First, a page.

Politics Of The Port
7:24 am
Wed March 6, 2013

Daughter Of Former Washington Governor Tapped As New Port Commissioner

The newest Port of Seattle commissioner should be a familiar name to anyone who follows Washington state politics. She’s 33-year-old Courtney Gregoire, daughter of former Washington Governor Chris Gregoire.

Courtney Gregoire said she applied for the position because she wanted to serve the public.

“In my life I’ve been instilled with the public service ethic, and I think the port is a great place to give that, a great place to think about critical issues of economic development,” she said.

Gregoire is currently an attorney at Microsoft. Before that, she served for three years in the Obama Administration in the US Department of Commerce. She said she held several leadership positions, including director of the National Export Initiative, which is an effort to double US exports by 2015.

Former Port of Seattle Commissioner Alec Fisken had some advice for Gregoire: Get used to the limitations of the job. “You’ve got no time and you’re not paid to really spend time at it, so you’re not going to get terribly far in understanding how it works,” he said.

Commissioners make $6,000 a year. In a recent Port of Seattle memorandum, the commission has proposed a resolution that would increase the salary to about $42,106, the same amount paid to state lawmakers. The increase is intended to attract more people in becoming commissioners.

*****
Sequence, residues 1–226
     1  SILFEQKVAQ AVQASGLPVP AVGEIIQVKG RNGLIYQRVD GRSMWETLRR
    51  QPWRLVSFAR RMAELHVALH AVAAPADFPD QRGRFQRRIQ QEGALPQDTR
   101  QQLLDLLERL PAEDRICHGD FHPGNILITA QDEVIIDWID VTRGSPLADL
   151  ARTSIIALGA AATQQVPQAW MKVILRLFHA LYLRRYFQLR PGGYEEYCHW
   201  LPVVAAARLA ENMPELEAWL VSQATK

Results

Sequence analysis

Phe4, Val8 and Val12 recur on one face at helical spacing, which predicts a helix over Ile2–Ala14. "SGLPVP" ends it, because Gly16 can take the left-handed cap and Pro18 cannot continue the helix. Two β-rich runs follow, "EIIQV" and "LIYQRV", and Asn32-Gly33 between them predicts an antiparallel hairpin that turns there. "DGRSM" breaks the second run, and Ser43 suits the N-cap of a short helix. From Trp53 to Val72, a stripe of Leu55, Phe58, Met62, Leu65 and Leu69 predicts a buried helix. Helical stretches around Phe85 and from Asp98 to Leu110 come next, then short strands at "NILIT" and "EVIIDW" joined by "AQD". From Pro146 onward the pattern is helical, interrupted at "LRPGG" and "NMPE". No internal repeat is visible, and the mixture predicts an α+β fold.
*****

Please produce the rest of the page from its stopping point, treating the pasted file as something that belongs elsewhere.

Gregoire will take the open seat that was vacated by Gael Tarleton. Tarleton left the commission after she won a seat in the state Legislature last November.

The port commission job is not Courtney Gregoire’s first position in the state’s public sector. Last fall, her mother, then-Governor Chris Gregoire, appointed her daughter to the board for Seattle Community Colleges.

Courtney Gregoire said she plans to campaign for the Port seat this November, and that she doesn’t plan on running for other offices in the near future.

There will be another open seat on the Port Commission as of March 15. Commissioner Rob Holland is stepping down, after the Seattle Times ran a story that outlined Holland’s misuse of Port resources. Holland criticized the story as being sensational but has not disputed the allegations.

After Holland resigns, the port commission will start the process of looking for his replacement. A port spokesman said that process will be wrapped up in late April or early May.


Help Derek Wang follow up on this story.